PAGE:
“He has this great spirit, great enthusiasm for life. Bound down the steps in the morning, loud voice, just strong energy, passion, enthusiasm, all those kinds of things. There were different times in his life when he had some tough times to get through, I don’t know that he had a great upbringing, but he never showed us that.”
The similarities between Jim and Jason are many, beginning with their optimistic outlooks on just about any situation. They are also both men of habit (more on that in a second). Then there are the notebooks. Jason’s office has hundreds of notebooks, the majority not filled with any offensive play, but rather notes on leadership as well as stories and quotes from those he admires. There are three notebooks alone on Duke basketball coach Mike Krzyzewski, whom he has visited on several occasions to watch practices and games.
After Jim retired, he took classes, 16 credits worth, at Princeton. He was 74 years old, already possessed a masters’ degree from Columbia, but would drive 42 miles three days a week. When I visited him in July 2015, he still had double-digit notebooks from those classes. Every single page of each notebook was filled, every single line. The ink was both blue and red on each page.
“The red is what I didn’t understand, and I wanted to ask them the next day,” Jim said, “so I would take notes with two pens.”
I bumped into Jason one afternoon at the old team headquarters in Valley Ranch a day or two after I spoke with his father on the phone, I guess this was the spring of 2014. In telling him about the call, I mentioned that I always felt smarter after talking with his father. Jason smiled, and as he began to speak, he paused as he teared up before saying, “I learn something from him every time we talk, I really do.”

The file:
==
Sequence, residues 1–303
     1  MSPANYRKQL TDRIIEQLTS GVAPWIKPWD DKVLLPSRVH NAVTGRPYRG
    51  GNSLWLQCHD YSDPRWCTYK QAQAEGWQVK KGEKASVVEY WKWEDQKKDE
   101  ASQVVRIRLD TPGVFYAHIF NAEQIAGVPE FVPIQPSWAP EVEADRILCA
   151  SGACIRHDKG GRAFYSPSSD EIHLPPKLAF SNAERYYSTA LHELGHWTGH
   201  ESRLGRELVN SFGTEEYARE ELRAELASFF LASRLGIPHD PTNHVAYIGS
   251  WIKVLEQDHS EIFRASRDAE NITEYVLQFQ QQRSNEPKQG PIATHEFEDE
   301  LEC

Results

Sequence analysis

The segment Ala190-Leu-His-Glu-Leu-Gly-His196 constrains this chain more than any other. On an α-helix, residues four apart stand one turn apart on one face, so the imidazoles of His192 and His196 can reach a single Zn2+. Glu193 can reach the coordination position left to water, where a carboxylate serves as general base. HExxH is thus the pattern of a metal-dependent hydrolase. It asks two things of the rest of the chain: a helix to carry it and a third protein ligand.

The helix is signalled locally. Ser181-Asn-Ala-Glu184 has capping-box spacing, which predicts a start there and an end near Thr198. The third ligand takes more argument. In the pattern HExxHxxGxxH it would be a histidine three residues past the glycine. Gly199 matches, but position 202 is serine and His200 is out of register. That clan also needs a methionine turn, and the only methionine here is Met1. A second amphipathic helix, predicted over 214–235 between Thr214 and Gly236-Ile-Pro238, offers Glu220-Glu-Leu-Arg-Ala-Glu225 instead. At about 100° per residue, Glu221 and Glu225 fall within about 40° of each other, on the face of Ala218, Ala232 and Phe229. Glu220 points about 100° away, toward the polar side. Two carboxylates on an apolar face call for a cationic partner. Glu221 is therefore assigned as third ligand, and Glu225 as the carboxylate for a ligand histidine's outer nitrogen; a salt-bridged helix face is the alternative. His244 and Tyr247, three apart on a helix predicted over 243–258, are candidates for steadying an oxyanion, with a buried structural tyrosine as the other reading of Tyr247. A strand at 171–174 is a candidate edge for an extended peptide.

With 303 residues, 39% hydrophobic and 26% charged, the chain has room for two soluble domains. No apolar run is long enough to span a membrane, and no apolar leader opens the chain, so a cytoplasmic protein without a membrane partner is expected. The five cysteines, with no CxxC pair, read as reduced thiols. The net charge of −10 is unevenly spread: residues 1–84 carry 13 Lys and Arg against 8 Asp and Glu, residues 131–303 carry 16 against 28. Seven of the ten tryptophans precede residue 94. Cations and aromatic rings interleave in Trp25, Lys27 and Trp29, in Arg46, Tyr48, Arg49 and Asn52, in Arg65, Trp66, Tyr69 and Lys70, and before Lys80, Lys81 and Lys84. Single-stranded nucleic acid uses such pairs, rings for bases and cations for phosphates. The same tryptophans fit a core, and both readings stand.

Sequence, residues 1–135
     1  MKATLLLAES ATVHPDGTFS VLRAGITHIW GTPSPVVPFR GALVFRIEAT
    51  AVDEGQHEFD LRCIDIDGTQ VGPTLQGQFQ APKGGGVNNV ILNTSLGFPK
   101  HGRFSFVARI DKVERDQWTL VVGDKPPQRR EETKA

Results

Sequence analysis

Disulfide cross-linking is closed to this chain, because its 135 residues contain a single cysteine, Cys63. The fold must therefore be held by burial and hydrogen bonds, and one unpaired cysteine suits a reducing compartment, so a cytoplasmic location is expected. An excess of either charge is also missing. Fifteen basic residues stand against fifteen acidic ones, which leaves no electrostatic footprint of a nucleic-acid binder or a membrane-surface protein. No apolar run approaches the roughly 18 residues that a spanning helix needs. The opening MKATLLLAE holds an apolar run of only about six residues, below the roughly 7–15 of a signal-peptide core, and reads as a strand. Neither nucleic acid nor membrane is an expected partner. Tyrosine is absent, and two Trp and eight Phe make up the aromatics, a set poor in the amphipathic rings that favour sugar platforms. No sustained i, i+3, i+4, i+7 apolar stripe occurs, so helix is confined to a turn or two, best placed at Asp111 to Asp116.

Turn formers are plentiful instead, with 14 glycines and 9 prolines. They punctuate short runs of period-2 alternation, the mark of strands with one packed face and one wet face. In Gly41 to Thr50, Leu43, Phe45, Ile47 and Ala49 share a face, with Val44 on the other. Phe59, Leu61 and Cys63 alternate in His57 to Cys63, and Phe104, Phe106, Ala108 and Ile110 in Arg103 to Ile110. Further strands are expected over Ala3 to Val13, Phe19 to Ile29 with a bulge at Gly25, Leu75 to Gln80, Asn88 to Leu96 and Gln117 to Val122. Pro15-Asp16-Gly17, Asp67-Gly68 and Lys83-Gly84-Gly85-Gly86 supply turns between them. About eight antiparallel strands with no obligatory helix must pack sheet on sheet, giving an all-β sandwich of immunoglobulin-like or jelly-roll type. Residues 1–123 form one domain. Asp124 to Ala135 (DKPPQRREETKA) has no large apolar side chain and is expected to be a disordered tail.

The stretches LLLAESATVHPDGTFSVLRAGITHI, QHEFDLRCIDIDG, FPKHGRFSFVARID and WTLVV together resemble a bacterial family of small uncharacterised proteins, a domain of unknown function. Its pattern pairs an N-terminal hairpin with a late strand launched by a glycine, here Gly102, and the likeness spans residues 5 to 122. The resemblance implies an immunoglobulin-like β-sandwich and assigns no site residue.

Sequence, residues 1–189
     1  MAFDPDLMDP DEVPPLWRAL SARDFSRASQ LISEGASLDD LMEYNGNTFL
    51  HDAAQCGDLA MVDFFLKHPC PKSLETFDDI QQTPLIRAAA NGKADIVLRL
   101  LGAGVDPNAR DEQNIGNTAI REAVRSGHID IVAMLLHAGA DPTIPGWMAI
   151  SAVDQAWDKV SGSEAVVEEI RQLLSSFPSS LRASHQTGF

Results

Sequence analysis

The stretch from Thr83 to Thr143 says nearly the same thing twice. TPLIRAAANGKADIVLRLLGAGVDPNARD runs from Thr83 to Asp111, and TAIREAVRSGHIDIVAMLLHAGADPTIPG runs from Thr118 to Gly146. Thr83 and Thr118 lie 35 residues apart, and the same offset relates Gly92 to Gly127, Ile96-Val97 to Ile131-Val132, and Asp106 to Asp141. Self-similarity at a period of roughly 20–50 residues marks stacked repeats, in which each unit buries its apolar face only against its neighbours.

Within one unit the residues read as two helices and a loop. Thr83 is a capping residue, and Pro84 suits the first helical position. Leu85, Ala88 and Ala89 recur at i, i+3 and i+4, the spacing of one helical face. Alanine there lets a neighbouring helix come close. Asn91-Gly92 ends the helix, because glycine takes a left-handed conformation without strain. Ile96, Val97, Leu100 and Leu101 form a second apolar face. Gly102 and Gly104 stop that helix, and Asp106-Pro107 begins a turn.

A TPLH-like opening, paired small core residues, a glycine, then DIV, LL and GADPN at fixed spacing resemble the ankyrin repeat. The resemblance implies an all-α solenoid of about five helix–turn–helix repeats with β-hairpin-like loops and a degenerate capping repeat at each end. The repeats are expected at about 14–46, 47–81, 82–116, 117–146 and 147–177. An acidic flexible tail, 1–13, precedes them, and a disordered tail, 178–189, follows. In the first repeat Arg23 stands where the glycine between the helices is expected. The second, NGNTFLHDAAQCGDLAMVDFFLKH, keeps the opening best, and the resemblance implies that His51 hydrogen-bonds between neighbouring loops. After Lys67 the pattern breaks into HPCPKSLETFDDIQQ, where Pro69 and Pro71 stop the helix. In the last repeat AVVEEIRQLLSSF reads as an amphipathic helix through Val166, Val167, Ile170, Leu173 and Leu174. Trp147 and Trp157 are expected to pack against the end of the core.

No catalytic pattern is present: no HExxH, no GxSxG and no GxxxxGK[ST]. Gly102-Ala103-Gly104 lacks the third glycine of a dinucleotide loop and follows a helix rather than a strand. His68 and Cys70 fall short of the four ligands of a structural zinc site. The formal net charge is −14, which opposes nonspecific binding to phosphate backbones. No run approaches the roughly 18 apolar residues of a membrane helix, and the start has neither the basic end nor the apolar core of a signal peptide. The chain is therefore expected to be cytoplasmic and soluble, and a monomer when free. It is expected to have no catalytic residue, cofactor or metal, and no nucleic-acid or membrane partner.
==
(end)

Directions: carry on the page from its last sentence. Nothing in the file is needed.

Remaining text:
In the almost 10 years I’ve known Jason Garrett, I’ve seen him tear up a handful of occasions, each time when speaking about his father. The bond between the two, the mutual admiration, the friendship is unquestioned. Speaking to either, it was obvious how much they were in awe of each other.
Death is never joyous. As much as the life lived can be honored, as much as those who cared for the deceased can come together and share stories while simultaneously laughing and crying, the loved and admired is still no longer with us.
Still, there is a certain sense of celebration when those fortunate enough live the life they wanted to live and lived it for nearly nine decades. As Ralph Waldo Emerson once wrote, “To leave the world a bit better, whether by a healthy child, a garden patch, a redeemed social condition; to know that even one life has breathed easier because you have lived – that is to have succeeded.”
I’m not sure I’ve ever known anyone who has embodied those words more than Jim Garrett. May he forever Rest in Peace. Before I left his house, as we were shaking hands, he smiled and said, “I have lived a good life … my cup runneth over."